# 19.3.2 Specific Acoustic Impedance

### Specific Acoustic Impedance

• The acoustic impedance, Z, of a medium is defined as:

The product of the speed of the ultrasound in the medium and the density of the medium

• This quantity describes how much resistance an ultrasound beam encounters as it passes through a tissue
• Acoustic impedance can be calculated using the equation:

Z = ρc

• Where:
• Z = acoustic impedance (kg m-2 s-1)
• ρ = the density of the material (kg m-3)
• c = the speed of sound in the material (m s-1)
• This equation tells us:
• The higher the density of a tissue, the greater the acoustic impedance
• The faster the ultrasound travels through the material, the greater the acoustic impedance also
• This is because sound travels faster in denser materials
• Sound is fastest in solids and slowest in gases
• The closer the particles in the material, the faster the vibrations can move through the material
• At the boundary between media of different acoustic impedances, some of the wave energy is reflected and some is transmitted
• The greater the difference in acoustic impedance between the two media, the greater the reflection and the smaller the transmission
• Two materials with the same acoustic impedance would give no reflection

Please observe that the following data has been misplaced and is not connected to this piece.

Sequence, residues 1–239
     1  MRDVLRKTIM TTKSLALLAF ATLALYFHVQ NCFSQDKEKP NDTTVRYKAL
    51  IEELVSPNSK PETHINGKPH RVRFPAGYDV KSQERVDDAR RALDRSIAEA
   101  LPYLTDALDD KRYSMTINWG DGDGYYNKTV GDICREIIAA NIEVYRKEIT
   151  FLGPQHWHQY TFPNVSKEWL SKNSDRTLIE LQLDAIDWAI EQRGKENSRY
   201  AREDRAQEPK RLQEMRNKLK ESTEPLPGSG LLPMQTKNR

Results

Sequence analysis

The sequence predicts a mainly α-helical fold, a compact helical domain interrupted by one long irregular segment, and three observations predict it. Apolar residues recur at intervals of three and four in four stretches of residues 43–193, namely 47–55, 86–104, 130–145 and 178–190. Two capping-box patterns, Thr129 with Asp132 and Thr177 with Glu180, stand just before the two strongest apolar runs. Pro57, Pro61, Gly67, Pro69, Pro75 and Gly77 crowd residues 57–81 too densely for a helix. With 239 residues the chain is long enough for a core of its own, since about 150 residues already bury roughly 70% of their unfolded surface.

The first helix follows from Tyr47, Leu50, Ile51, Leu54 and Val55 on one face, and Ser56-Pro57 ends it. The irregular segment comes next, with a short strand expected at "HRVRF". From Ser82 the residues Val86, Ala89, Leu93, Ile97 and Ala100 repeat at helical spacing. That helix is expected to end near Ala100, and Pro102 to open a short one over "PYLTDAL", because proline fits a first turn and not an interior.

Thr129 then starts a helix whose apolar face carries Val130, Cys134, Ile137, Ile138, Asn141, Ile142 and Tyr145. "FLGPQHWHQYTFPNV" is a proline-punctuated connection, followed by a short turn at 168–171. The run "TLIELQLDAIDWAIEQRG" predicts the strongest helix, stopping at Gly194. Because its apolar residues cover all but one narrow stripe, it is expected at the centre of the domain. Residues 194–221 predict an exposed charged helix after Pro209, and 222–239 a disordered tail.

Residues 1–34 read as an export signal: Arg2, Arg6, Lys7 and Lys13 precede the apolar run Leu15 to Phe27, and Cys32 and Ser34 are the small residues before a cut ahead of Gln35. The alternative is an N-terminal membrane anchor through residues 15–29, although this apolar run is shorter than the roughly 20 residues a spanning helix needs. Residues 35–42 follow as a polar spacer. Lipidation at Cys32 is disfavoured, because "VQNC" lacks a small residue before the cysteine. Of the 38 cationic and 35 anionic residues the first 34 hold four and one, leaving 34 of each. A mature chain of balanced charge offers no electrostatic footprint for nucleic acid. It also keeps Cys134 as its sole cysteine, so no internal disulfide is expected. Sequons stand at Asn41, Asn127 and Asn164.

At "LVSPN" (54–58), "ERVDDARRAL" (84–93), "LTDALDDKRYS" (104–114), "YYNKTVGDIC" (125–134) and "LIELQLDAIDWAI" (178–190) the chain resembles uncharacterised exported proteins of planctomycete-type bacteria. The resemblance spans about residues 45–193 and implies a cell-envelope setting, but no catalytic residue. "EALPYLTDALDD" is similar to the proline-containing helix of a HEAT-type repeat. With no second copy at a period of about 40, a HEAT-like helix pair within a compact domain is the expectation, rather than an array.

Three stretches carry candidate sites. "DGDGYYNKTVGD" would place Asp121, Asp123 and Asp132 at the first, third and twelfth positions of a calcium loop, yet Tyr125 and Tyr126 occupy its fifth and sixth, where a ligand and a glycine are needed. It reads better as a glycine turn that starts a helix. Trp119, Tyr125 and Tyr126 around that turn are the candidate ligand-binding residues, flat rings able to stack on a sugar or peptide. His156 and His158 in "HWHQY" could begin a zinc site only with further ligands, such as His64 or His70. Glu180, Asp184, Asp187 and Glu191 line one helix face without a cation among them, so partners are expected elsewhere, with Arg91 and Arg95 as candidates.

• Two materials with a large difference in values would give much larger reflections
• Air has an acoustic impedance of Zair = 400 kg m-2 s-1
• Skin has an acoustic impedance of Zskin = 1.7 × 106 kg m-2 s-1
• The large difference means ultrasound would be significantly reflected, hence a coupling gel is necessary
• The coupling gel used has a similar Z value to skin, meaning that very little ultrasound is reflected

Step 1:            Write down known quantities

Acoustic impedance of bone, Z = 7.0 × 106 kg m-2 s-1

Speed of ultrasound in bone, c = 4100 m s-1

Step 2:            Write out the equation for acoustic impedance

Z = ρc

#### Exam Tip

A common mistake is to confuse the c in the acoustic impedance equation for the speed of light – don’t do this! ### Author: Katie

Katie has always been passionate about the sciences, and completed a degree in Astrophysics at Sheffield University. She decided that she wanted to inspire other young people, so moved to Bristol to complete a PGCE in Secondary Science. She particularly loves creating fun and absorbing materials to help students achieve their exam potential.
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